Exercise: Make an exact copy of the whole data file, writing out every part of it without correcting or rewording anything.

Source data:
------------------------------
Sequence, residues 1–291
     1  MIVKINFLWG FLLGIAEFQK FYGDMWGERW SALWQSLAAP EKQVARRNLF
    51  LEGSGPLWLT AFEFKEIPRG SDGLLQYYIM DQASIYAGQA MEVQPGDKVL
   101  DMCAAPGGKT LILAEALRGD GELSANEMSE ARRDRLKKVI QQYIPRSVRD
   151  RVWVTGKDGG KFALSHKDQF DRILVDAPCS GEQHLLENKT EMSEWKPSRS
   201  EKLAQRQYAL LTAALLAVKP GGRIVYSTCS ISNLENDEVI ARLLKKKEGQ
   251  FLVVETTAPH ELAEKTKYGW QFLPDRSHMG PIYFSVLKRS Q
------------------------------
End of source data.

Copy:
Sequence, residues 1–291
     1  MIVKINFLWG FLLGIAEFQK FYGDMWGERW SALWQSLAAP EKQVARRNLF
    51  LEGSGPLWLT AFEFKEIPRG SDGLLQYYIM DQASIYAGQA MEVQPGDKVL
   101  DMCAAPGGKT LILAEALRGD GELSANEMSE ARRDRLKKVI QQYIPRSVRD
   151  RVWVTGKDGG KFALSHKDQF DRILVDAPCS GEQHLLENKT EMSEWKPSRS
   201  EKLAQRQYAL LTAALLAVKP GGRIVYSTCS ISNLENDEVI ARLLKKKEGQ
   251  FLVVETTAPH ELAEKTKYGW QFLPDRSHMG PIYFSVLKRS Q